Sunday, October 29, 2017

Software Practitioner Views on Merge Conflicts: What is missing?

By: Nicholas Nelson (@nnelson8675), Oregon State University, USA and Shane McKee (@shanemmckee), Intel Corporation, USA
Associate Editor: Sarah Nadi, University of Alberta (@sarahnadi)
We develop software in teams. We write code in separate environments and attempt to integrate our changes, along with everyone else's changes, to form a coherent shared version of the software. Most of the time this process works, most of the time version control systems can easily integrate different versions of the code into one, but approximately 19% of the time there are problems [1][2]. These merge conflicts require human intervention to resolve conflicting changes to the code, and these interventions take time away from regular development.
Prior research efforts have focused on developing smarter merging algorithms [3][4], systems for proactively conflict detection [2][5][6], and discussing the merits of syntax- and semantic-aware merges [7][8]. However, these efforts have not considered the core component of collaborative software development: the practitioners that are writing the conflicting code. As a research community, we need to remember that software engineering involves software practitioners and their perspectives are critical for tuning any proposed solutions to make real-world impact. This fundamental rationale is why we reached out to practitioners; to obtain their perspectives on merge conflicts.
We found that practitioners rely on their own expertise in the conflicting code to understand and assess merge conflicts. Instead of using precise metrics calculated by tools, practitioners tend to rely on their own simple estimations. We additionally found that the complexity of merge conflicts and the size of merge conflicts factor heavily into the assessment of merge conflicts.

Fig 1. Perceptions of merge toolset support along dimensions of conflict complexity and conflict size

To get a better understanding of these two factors, we asked practitioners in the survey to relate their tools along these two dimensions. The combination of four bubble plots in Fig. 1 represents the results of these four scenario questions, and show the number of responses for a given effect level broken out into experience level groups. The size and depth of color within each bubble are also used to convey the size of responses for any given combination.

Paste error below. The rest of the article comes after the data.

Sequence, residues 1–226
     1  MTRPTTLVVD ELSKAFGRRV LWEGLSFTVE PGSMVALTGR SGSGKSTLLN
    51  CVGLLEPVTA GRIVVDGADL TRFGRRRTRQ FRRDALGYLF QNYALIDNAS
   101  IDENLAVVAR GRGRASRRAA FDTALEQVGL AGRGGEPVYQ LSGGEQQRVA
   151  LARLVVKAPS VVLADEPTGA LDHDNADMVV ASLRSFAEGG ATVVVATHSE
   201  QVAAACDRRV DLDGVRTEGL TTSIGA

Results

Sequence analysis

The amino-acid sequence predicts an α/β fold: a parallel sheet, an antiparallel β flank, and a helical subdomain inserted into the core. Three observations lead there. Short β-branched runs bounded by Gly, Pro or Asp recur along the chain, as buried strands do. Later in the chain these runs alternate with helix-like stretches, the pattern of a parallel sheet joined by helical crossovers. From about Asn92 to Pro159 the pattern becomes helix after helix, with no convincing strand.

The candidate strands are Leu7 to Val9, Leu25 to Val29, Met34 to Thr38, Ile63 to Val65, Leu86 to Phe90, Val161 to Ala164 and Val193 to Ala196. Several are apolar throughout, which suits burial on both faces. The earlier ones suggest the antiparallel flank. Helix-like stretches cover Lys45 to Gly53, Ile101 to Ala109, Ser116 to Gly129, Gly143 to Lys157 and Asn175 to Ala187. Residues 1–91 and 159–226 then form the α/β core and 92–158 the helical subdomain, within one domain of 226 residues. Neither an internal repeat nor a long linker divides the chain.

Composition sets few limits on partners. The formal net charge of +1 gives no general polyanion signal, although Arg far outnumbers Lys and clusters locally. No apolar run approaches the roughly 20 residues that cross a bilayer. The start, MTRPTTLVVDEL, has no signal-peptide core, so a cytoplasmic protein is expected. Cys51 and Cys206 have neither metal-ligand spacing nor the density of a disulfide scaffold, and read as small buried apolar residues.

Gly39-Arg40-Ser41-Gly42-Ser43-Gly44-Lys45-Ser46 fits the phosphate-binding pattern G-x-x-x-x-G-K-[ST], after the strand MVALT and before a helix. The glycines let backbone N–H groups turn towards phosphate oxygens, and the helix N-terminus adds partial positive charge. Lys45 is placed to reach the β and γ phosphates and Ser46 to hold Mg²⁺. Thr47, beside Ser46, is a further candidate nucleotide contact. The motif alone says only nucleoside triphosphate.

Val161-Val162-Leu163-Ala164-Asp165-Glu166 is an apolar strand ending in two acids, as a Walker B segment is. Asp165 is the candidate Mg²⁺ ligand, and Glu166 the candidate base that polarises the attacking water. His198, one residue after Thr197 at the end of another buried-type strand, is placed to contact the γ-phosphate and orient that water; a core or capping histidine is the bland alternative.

To better illustrate how to read and interpret these plots, let’s take an example participant with 1-5 years of experience who indicates that her merge toolset is Extremely Effective for small, simple merge conflicts, she would be represented in the bubble containing 15 in quadrant A1. She would also be represented in the bubble containing 9 in the bottom right plot (quadrant A4) if she indicated that her merge toolset was Moderately effective for large, complex merge conflicts.

Mean scores for each A1-A4 plot from Fig. 1 and the difference across dimensions

The greater picture between each of these plots is that the move from plot A1 to A2 (the vertical axis) represents a change only in the dimension of merge conflict size: from small to large. Similarly, the move from A1 to A3 (the horizontal axis) represents a change only in the dimension of merge conflict complexity: from simple to complex. Fig. 2 is an annotated version of Fig. 1 with mean scores for each plot listed in the corners. These scores represent the mean where responses of Extremely Effective is scored as 5 and Not at all is scored as 1. Using numerical analysis, we examined the impact of both dimensions on the mean score and found the shift from small to large merge conflict size (A1 to A2) results in a difference in mean response of 0.496, whereas the shift from simple to complex merge conflict complexity results in a difference in mean response of 0.930. The change in mean score based on a shift in complexity is more than double the mean score based on a shift in size.
These results suggest that merge tools are currently equipped to handle increases in the size of merge conflicts, but not as well equipped for increases in complexity. With the increasing amount of code being developed in distributed environments, researchers and tool developers need to scale their solutions in both dimensions if they are going to continue to be relevant and useful to practitioners.
Further examination and discussions on merge conflicts can be found in our paper:
S. McKee, N. Nelson, A. Sarma, and D. Dig, "Software Practitioner Perspectives on Merge Conflicts and Resolutions," in International Conference on Software Maintenance and Evolution (ICSME), 2017.
[1] B.K. Kasi and A. Sarma, “Cassandra: Proactive conflict minimization through optimized task scheduling,” in International Conference on Software Engineering (ICSE), 2013, pp. 732–741. 
[2] Y. Brun, R. Holmes, M. D. Ernst, and D. Notkin, “Proactive detection of collaboration conflicts,” in International Symposium and European Conference on Foundations of Software Engineering (ESEC/FSE), 2011, pp. 168-178. 
[3] G. Taentzer, C. Ermel, P. Langer, and M. Wimmer, "A fundamental approach to model versioning based on graph modifications: from theory to implementation," in Software & Systems Modeling, 2014, ed. 13(1), pp. 239-272.